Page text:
[quote="Tom, post:404, topic:4488"]So a guy was ineligible in 2011 due to core course issues, despite having good grades and test scores. Goes to the military, returns from the military and takes a few college classes and does fine.
NCAA rules him ineligible due to those core course issues, which, by the book is correct.
He'll get a waiver. This is just the type case that waivers were meant to handle.
It should not be the type of case that waivers were meant to handle. This is the type of case that needs it's own RULE !!!
Whatever the reason why you think THIS situation needs a waiver is the criteria that should be written into the rule book.
No way. The rule book is thick enough (414 pages this year). You don't need to write a rule for every situation that might occur. This one probably hasn't happened more than 4-5 times in the last decade. Try to cover everything and you wind up with a 1000 page rule book that no one can understand. This is best handled by a waiver request.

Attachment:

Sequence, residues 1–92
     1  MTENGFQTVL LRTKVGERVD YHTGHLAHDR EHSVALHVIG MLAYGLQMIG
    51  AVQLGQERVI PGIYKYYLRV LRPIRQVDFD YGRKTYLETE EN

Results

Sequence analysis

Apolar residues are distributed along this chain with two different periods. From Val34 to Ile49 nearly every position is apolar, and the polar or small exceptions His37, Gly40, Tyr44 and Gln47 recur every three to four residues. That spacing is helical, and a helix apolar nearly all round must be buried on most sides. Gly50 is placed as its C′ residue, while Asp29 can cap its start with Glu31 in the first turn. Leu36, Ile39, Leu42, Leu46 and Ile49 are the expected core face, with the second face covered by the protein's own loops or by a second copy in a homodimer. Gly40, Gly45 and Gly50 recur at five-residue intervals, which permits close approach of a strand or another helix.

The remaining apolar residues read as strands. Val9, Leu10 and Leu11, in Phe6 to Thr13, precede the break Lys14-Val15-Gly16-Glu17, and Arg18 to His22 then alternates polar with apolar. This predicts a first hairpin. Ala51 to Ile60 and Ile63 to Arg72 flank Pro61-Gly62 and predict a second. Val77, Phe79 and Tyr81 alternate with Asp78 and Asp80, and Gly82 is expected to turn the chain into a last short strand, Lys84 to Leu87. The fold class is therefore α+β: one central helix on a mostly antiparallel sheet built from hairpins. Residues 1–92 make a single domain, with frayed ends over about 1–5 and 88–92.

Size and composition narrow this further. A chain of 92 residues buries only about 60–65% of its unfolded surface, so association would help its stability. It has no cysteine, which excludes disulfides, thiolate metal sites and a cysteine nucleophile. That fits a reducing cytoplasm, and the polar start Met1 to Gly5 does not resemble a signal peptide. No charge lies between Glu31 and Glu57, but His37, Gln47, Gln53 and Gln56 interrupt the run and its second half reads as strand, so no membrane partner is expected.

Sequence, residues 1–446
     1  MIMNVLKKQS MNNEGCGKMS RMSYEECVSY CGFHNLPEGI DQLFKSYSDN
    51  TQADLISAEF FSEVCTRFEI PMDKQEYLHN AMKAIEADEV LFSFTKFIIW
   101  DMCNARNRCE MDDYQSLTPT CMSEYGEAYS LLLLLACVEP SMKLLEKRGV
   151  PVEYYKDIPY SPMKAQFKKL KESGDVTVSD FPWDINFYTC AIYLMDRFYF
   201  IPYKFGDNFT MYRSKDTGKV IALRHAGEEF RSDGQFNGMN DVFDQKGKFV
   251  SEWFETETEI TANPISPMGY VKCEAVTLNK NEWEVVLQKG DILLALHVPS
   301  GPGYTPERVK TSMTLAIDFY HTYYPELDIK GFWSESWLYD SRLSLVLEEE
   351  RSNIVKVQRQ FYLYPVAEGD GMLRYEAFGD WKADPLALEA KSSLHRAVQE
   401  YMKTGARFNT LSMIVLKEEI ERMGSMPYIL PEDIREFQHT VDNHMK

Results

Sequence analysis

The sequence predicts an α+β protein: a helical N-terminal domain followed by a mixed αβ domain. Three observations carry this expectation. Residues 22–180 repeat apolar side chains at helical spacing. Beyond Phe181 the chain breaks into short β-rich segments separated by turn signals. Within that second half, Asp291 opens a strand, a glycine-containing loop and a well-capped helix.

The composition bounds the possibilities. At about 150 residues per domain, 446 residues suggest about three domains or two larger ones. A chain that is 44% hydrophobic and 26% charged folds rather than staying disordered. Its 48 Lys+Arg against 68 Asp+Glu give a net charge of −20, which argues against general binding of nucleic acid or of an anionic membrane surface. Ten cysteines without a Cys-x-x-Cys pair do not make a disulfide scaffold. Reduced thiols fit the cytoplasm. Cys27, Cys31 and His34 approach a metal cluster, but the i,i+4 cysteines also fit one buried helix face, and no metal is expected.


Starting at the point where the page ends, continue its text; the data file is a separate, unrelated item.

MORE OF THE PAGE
How do you know it's only happened 4-5 times in the last decade? Are you an NCAA insider as well as a Penn State basketball insider?
Why is the rule book too thick? Are you also the gatekeeper of official rule book thickness?
I don't see what is so difficult about it. If there is an reason why this should be a waiver, then tell me what that reason is, and make a rule based on the situation so that all can benefit from that rule. Why is that concept so obtuse?
Yup, you're right. I've heard hundreds of coaches complain about how we don't have enough rules. :
"The rule book is too simple", they say. "Give us more rules to follow"
What world do you live in? The reason you have waivers is for situations just like this, where you have a very unique set of circumstances. It makes absolutely no sense at all to try to codify every possible scenario. Why is THAT so obtuse?